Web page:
February To Do List


  • In general, most orchids should still be kept fairly dry in winter even during warm periods.  If you grow on the coast near the ocean, humidity is usually higher so occasional misting (with pure water, if available) or light watering in extended periods of warm or Santa Ana conditions may be warranted. If you grow further from the ocean, where orchids experience even warmer temps and low humidity and are openly exposed to Santa Ana winds, then you may need to mist and water more often to avoid dehydration, but avoid watering excessively.  Too much water will encourage plants to send out new growths, which will not fare well when the weather turns cold again.  
  • When you do water, do so in the morning and avoid wetting buds and flowers to minimize botrytis (fungal) spotting.  Also keep tabs on the ten day weather forecasts and avoid watering if cooler and/or wet weather is predicted. One wants to make sure orchids are kept on the dry side to allow them to tolerate the cold winter nights we tend to experience in Southern California.  If February brings more normal, cooler weather than January, cut back on water and avoid fertilizing as cooler days and nights prevail.
  • Maintain cold-sensitive, warm growing orchids (phals, paphs, tolumnias, most vandas and warm growing dendrobiums and cattleyas such as violacea, dowiana and their hybrids) inside or in a greenhouse to protect them from night temperatures below 50o; however, watch under leaves for spider mites and other pests that flourish under dry, less humid conditions.  An excellent article on ‘Cold Tolerance of Orchids’ by Sue Bottom of the St. Augustine Orchid Society can be found on their website.
  • Separate cold loving orchids, including odontoglossums, miltonias, pleurothallids, masdevallias, draculas, from orchids that need a drier winter rest  (many encyclias, deciduous dendrobiums, catasetinae and some terrestrials) so they can be freely watered and fertilized to allow growth but also avoid overwatering and protect them from freezing temps. Take this opportunity to divide or repot these cool growers during their winter growth period to encourage new growth and avoid the stress of repotting during the warm season.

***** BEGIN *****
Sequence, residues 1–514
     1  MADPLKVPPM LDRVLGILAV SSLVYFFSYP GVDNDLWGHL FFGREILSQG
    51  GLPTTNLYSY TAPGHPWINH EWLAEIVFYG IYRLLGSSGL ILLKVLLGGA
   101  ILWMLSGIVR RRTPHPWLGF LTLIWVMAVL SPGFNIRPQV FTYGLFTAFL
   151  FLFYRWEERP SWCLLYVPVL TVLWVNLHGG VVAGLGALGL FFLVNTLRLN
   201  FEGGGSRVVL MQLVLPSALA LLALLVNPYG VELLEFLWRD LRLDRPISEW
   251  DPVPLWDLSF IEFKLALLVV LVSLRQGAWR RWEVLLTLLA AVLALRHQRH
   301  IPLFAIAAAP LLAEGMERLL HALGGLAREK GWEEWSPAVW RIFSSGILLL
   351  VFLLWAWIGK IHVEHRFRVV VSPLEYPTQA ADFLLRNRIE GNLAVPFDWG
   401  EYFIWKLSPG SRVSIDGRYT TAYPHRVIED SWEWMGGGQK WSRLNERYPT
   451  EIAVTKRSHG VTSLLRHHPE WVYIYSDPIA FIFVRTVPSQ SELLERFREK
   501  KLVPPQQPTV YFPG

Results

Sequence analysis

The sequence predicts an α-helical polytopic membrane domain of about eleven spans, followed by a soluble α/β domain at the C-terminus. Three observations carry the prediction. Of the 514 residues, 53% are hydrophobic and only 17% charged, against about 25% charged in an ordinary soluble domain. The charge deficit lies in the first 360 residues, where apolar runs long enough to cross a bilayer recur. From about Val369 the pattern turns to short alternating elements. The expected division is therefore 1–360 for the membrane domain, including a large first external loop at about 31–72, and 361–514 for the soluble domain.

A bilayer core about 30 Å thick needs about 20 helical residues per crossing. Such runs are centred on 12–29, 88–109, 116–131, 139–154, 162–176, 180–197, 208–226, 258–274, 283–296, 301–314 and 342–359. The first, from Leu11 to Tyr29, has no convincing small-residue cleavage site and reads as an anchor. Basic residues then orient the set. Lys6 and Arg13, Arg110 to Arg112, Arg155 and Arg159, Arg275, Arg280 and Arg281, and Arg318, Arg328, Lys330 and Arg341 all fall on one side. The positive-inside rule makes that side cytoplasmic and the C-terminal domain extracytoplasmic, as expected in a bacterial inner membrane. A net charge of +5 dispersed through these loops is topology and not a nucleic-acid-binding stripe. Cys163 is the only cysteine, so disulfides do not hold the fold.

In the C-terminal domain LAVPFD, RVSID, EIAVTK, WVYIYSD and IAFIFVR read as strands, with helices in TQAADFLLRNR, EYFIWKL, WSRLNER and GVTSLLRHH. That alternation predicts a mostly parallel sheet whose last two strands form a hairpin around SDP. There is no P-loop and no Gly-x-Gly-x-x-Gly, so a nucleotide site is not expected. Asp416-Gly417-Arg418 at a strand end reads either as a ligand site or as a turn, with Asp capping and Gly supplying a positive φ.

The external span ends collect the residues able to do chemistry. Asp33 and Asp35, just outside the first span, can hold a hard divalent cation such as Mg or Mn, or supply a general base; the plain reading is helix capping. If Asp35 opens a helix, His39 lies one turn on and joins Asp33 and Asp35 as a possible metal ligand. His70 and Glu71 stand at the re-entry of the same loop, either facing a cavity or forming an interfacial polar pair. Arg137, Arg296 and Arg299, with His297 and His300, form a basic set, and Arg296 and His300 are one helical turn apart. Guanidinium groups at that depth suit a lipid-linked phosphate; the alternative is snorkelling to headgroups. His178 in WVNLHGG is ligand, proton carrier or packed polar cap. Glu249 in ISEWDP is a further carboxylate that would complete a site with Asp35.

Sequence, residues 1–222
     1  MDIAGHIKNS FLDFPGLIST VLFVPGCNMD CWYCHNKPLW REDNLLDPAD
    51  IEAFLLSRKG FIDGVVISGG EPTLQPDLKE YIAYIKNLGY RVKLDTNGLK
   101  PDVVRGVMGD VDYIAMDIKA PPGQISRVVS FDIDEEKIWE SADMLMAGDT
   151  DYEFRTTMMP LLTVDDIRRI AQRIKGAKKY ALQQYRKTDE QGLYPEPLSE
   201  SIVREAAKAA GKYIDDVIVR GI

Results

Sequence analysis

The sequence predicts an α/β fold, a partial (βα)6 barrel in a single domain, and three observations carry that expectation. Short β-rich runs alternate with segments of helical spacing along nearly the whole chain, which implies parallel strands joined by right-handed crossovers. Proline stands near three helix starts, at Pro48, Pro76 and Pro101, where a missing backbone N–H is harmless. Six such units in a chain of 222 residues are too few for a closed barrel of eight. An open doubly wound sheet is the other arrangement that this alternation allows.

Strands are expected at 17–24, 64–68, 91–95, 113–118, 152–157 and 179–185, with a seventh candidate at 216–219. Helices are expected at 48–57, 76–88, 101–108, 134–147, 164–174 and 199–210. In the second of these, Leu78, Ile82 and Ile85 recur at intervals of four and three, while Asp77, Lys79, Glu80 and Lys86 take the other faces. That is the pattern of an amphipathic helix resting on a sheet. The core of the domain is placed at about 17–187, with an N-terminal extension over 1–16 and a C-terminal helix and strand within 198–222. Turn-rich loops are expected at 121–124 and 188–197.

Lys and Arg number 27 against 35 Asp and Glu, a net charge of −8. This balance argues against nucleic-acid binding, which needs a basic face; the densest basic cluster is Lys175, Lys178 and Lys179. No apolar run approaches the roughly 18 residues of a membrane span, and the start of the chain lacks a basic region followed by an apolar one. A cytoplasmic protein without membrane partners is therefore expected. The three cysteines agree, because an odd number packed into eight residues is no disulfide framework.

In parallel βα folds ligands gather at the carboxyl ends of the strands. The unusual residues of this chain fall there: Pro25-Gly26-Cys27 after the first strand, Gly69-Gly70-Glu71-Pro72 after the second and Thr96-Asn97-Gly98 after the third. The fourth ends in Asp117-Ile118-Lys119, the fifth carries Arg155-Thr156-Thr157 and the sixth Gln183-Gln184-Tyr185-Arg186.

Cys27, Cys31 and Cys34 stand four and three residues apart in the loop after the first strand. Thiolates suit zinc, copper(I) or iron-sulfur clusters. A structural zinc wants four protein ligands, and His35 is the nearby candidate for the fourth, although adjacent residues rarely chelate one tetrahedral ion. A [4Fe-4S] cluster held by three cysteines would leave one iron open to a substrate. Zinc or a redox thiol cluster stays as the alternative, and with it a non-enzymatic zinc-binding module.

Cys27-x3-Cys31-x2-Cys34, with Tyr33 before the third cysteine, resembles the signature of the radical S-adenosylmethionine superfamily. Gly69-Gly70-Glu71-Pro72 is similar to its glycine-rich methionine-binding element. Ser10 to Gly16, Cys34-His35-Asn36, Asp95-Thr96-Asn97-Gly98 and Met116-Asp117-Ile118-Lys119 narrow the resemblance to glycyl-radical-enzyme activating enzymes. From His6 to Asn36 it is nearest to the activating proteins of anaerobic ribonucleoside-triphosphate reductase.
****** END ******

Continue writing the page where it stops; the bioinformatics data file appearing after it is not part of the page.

• Winter blooming cattleyas and cymbidiums should be in bud or full bloom. Provide adequate water and weak fertilizer, but do so in the mornings so plants dry out before nightfall. Avoid wetting buds and blooms to minimize fungal spotting.  Stake cymbidium spikes to guide inflorescences for support of buds and blooms.
  • Maintain good hygiene practices to minimize transmission of pests and viruses. Practice careful watering and remove problem plants and debris from the healthy collection. Old dying leaves even on healthy plants will succumb to diseases and decay so keep your growing area picked up.
  • Watch for fungus, bacterial rot and cold burn in cold and wet weather. Remove infected tissues and treat accordingly. Diligently check psuedobulbs and canes for discoloration and firmness. Though some change is normal, it can also be indicative of black rot. If any pseudobulbs or canes are soft, mushy, and possibly exuding dark fluid, isolate and treat. An excellent article to read " Is There a Fungus Among Us?" (A.O.S. Orchids Magazine, Aug. 2012) or refer to the AOS website.